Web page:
Coquitlam socks away $1 million to deal with winter weather

The city was blanketed in snow last winter. photo supplied Carol Price

After last winter’s heavy snow put a $1 million dent in Coquitlam’s extreme weather budget, city council opted to squirrel away some extra cash before Jack Frost makes his return.

Council voted unanimously Monday to put aside an extra $1 million to avoid what’s become a pattern of going over budget.

Over the past five years, annual snow clearing expenses have exceeded the city’s budget by an average of $700,000.


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“With most of our budget processes it’s “stick-to-budget,” except with snow clearing,” Stewart said.

The extra cash should give city workers a little more predictability, said Mayor Richard Stewart.

Given that climate change has made extreme weather both more frequent and more difficult to forecast, Stewart said Coquitlam has so far been fortunate.

“If you’ll speak to people in communities across the province from Abbotsford and Cache Creek and anyone that’s still in Lytton, we’ve been very lucky,” he said.

Following Monday’s vote, Coquitlam has a $2 million reserve. However, Coun. Brent Asmundson questioned whether that was enough.

Asmundson noted the increasing frequency and severity of wildfires and atmospheric rivers in recent years.

“Should we not be raising that amount?” he asked.

That topic may be on the table during budget discussions later this year, according to city staff. In the meantime, Coquitlam is able to draw on other reserve funds if necessary, staff stated.

On the road

Four of the city’s older trucks are now out of commission due to frame and underbody corrosion as well as mechanical issues, according to city staff.

New trucks are slated to be ready to hit the roads by next winter, according to a city staff report.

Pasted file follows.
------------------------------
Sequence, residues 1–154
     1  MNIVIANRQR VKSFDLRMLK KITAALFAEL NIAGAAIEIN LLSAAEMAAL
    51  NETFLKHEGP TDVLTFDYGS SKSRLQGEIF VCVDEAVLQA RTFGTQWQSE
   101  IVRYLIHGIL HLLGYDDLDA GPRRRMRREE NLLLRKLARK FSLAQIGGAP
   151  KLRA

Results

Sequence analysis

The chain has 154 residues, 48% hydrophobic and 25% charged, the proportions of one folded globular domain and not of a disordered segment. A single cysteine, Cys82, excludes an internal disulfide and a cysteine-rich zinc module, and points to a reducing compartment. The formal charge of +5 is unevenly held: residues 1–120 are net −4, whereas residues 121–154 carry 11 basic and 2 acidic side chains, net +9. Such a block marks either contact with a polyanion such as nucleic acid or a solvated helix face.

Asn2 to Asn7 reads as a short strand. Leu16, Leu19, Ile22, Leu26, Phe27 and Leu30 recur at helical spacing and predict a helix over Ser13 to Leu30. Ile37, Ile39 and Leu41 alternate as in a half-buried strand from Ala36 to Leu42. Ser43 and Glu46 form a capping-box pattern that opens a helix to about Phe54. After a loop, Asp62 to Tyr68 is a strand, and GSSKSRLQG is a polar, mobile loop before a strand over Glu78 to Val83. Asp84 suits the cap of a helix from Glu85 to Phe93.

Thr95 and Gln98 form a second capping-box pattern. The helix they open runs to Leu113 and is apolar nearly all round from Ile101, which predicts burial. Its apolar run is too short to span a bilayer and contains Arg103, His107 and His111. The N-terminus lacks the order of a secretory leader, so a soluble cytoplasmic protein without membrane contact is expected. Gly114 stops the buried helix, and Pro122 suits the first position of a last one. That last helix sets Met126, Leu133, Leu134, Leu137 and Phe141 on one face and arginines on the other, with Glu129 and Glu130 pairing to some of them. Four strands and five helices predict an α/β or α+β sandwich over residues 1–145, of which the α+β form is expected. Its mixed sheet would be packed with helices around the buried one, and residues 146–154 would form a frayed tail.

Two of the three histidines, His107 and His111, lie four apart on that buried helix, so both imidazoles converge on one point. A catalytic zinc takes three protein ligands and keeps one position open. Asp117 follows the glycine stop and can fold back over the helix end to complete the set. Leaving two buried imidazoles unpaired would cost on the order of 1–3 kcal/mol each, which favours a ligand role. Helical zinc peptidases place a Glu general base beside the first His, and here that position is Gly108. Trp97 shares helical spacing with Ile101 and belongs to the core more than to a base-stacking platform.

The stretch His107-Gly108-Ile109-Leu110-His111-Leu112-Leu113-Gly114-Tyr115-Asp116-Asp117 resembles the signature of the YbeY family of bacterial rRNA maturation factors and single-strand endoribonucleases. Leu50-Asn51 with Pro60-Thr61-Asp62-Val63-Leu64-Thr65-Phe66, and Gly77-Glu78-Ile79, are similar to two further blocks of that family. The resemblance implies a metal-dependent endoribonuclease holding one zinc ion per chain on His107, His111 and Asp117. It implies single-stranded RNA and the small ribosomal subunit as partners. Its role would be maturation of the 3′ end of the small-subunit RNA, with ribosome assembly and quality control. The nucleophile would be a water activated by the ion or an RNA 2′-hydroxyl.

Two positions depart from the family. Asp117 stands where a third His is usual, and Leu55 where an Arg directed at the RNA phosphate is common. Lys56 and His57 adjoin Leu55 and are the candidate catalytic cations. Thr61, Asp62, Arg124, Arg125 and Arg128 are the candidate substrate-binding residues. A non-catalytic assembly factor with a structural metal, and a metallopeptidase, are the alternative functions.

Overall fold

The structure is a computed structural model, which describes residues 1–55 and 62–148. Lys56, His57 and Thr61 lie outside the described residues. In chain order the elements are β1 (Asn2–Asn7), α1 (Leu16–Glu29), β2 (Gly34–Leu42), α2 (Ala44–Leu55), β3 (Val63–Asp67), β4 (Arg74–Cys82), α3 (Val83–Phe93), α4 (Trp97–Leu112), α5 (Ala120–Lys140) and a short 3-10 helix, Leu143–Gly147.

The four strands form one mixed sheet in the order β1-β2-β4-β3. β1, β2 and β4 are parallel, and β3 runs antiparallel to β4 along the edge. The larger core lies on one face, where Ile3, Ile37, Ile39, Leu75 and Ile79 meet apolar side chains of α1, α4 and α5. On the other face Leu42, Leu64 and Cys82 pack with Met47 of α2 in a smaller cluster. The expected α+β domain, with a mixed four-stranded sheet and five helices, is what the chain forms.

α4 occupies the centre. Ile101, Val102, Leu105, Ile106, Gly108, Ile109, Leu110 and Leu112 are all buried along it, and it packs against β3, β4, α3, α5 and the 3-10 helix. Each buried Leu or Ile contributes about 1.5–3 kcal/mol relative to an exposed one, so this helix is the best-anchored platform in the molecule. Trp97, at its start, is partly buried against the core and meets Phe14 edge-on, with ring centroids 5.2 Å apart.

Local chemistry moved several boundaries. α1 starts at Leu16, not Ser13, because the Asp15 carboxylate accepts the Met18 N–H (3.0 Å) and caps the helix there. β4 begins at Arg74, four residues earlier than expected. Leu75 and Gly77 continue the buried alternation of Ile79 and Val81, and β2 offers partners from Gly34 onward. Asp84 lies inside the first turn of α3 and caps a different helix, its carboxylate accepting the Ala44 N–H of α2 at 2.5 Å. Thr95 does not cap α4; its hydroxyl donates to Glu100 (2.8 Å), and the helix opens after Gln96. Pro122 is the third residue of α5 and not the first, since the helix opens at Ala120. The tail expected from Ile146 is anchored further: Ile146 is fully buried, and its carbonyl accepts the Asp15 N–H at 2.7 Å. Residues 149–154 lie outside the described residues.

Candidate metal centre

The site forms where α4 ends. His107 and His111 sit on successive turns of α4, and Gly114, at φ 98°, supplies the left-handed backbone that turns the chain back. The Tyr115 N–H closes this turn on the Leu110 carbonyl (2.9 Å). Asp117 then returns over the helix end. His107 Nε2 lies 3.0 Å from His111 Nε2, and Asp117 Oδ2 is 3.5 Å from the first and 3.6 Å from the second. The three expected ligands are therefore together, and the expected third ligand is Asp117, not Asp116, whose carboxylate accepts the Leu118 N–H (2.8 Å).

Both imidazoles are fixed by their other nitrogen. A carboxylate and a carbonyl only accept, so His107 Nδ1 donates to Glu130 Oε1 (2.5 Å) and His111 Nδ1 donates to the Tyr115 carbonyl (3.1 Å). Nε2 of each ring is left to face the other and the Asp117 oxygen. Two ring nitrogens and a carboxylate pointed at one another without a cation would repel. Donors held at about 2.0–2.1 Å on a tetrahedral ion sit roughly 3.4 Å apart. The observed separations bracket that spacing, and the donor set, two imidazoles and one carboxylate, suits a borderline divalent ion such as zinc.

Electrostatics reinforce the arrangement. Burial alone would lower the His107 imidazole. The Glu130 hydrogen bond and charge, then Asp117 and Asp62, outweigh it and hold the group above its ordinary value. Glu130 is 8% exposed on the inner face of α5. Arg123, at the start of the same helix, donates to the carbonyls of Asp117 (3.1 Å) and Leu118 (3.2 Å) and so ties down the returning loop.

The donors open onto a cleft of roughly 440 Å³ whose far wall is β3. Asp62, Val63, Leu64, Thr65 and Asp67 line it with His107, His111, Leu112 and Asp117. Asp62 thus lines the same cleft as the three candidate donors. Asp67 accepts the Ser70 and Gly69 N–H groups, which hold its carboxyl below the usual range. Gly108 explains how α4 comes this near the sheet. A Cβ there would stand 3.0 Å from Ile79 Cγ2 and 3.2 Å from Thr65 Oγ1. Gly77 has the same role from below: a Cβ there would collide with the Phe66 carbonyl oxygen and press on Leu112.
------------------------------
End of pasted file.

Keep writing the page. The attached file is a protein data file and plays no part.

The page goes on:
Coquitlam plows are equipped with carbide steel plow blades.

“Despite the cost of the blades being double that of regular steel blades, the lifetime of the blades is approximately three times longer than the regular steel blades,” according to the report.

Aside from erasing some paint, the blades don’t damage city streets, according to Coquitlam director of public works Brad Lofgren.

“In the past few years we’ve found that we need to refresh pavement markings on an annual basis anyway so we don’t see any other negative effects of using these carbide blades,” he said.

Keeping Coquitlam streets clear during a snowfall is especially challenging due to what a staff report referred to as the city’s “severe topography.”

In 2022, the city had to delay organics collection a few times due to heavy snowfall.

Last winter’s cold temperatures also led to swaths of compressed snow and ice, leading city crews to switch to a mix of salt and sand “because salt alone becomes ineffective in low temperatures,” the report stated.

The city tends to try to keep steep hills clear down to the pavement while leaving some snow on flat patches, Lofgren explained.

“Flat areas we will leave with some compact snow and they’re sanded so they’re perfectly passable,” Lofgren said.

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